Zwei: The Arges Adventure – Localization Blog #1


I’ve been working on this game for the better part of a year now, but have been unable to say anything about it for PR reasons – namely, that it wasn’t in a showable state, and we didn’t want to confuse prospective players by having two Zwei games announced but unreleased at the same time. Which is totally reasonable, but AAAAAAAHHHH I’VE BEEN WANTING TO TALK ABOUT THIS GAME SO BADLY YOU HAVE NO IDEA.

…Ahem. First off, I guess I should bring you all up to speed, in case you missed the announcement. Falcom’s 2001 PC classic Zwei!! is coming to the Western world via Steam, GOG, and The Humble Store in early 2018, under the name Zwei: The Arges Adventure. Why the name change? Well, because we already released its 2008 sequel, Zwei: The Ilvard Insurrection (which was originally called Zwei II: Sky-High Great Adventure in Japan).

That’s right. Localization work wrapped on the sequel first, and now we’re finishing things up with the original.

What are we thinking?!, you must be asking yourselves. Why would we release the sequel first, then go back and release the original? Why wouldn’t we release the original game first? And since we’ve already released the more modern second entry in the series from seven years later, can this earlier effort really hold its own by comparison?

Well, that’s why I’m so excited. Because Zwei: The Arges Adventure is good. REALLY good. In fact, I dare say it’s my favorite translation I’ve ever worked on to date – yes, even topping Return to PopoloCrois and Corpse Party. And if you’re at all familiar with me (this is Tom, BTW), that statement alone should tell you that Zwei: AA is something special, since PopoloCrois and Corpse Party are… shall we say, perennial favorites of mine. To put it very lightly.

So, yeah. Let’s address those hypothetical questions, shall we?

Why would we release the sequel before the original? Well, two reasons. One, because we can – these games each tell standalone stories, set on different floating continents with different casts of characters. Zwei: AA’s two protagonists, Pipiro and Pokkle, do make a few cameo appearances in Zwei: II, but this is done almost purely for the sake of fanservice (the literal kind, not the naughty kind). When all is said and done, these two games are completely standalone, taking place in the same world but telling very different stories with very different characters and a very different feel. Think of it kind of like the Ys series, but even more episodic (since, Ys Origin aside, Ys has the Adol-as-protagonist connection from one game to the next, whereas Zwei doesn’t even have that!).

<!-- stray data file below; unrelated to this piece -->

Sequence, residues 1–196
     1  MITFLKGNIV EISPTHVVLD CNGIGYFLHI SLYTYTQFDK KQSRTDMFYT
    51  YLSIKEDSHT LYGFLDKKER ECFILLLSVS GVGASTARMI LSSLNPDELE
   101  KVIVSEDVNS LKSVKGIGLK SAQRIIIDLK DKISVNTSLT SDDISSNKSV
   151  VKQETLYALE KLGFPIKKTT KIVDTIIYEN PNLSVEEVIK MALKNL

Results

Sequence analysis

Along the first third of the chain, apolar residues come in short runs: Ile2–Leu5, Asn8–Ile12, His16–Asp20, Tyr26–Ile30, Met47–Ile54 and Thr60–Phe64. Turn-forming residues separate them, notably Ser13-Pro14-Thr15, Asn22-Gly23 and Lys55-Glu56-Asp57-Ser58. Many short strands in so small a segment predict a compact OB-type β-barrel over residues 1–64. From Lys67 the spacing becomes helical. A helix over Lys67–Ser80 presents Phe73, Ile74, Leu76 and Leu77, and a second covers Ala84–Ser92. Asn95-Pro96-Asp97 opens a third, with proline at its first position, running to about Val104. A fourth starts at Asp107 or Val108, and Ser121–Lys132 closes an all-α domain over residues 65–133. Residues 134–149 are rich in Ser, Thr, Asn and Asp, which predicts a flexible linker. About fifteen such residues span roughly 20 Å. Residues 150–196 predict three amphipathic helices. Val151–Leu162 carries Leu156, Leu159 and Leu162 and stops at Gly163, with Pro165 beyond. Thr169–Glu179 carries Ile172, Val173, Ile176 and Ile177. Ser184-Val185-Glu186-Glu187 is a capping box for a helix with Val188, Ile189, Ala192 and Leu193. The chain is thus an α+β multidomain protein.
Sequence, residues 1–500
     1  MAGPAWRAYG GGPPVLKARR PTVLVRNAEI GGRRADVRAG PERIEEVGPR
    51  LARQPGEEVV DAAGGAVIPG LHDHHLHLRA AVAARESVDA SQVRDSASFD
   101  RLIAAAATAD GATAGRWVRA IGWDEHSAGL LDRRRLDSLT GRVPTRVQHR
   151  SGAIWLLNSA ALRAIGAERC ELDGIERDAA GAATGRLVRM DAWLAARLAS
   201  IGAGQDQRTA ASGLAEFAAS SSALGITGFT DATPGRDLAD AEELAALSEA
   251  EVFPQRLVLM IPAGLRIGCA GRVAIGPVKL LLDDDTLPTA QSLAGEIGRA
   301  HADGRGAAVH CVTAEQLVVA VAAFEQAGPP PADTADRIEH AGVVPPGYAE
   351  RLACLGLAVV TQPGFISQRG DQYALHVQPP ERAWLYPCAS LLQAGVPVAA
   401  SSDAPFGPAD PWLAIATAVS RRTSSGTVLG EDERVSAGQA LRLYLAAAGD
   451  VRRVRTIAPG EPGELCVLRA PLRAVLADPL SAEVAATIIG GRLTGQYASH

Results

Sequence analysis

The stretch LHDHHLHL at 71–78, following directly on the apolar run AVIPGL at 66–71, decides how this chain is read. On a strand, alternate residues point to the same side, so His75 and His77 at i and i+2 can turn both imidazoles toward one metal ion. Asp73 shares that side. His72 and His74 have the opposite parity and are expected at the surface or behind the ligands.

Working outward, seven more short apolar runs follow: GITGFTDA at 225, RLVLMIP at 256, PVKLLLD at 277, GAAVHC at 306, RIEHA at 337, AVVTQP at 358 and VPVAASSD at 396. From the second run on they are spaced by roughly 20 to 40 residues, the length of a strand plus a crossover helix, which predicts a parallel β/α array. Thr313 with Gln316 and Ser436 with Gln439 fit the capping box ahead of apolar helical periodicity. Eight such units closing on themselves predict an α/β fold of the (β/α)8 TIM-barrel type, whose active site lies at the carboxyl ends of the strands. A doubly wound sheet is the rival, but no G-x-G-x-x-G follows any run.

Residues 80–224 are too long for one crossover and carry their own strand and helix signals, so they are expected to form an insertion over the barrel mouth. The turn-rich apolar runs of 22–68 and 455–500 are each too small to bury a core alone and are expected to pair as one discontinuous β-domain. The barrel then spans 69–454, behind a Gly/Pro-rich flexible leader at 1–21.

The other reason is because of the nature of Zwei: AA’s code. The Japanese version of this game utilized DirectX 5, was formatted strictly for 4:3 resolution with no widescreen options whatsoever, offered a lovely FPS selection of 30 or 15 (seriously!), counted on players to play it with mouse and keyboard over gamepad (it supported gamepads, but… barely), and contained no fewer than six unlockable Windows desktop apps that were loosely tied to yet completely separate from the main game.

This is one of them. And that first screenshot at the beginning of this blog entry is another.

In other words… this is the kind of adaptive coding project that’s been known to give lesser programmers heart attacks. Getting a game like this to even run on a modern Windows machine at all – much less run WELL – was decidedly not a task for the meek. In fact, it’s because of the way this game is coded that we ultimately decided to translate the game in-house rather than working with any fan-translators as we did for Zwei: II, as no two programmers would handle this text the same way – and trying to convert a fan-translated script to a format that would work for us would’ve taken almost as long as translating the game from scratch.

So, yeah. Getting Zwei: II out first was pretty much just done because… erm… it was ready first. And it was always GOING to be ready first. Even with a lengthy QA process and a couple minor delays, it still inevitably got finished long before its predecessor was ready to make its debut.

Fortunately, we hired a veteran programmer to work with us on Zwei: AA… but you’ll never guess who! It wasn’t Sara, since she was busy getting Zwei: II ready at the time (and a fine job she did of it, with one of our smoothest PC launches ever!). But this wasn’t our first time working with the guy we worked with on this project, either. It was, however, our first time working with him to modernize someone else’s game – and he really did perform some miracles for us (and put up with my many, many demands for quality-of-life improvements and feature additions, to boot!).

The man in question? Matt Fielding, of Magnetic Realms. A.k.a. the guy who brought you the game Exile’s End.

Pictured: Exile’s End. Which is also an awesome game you should play!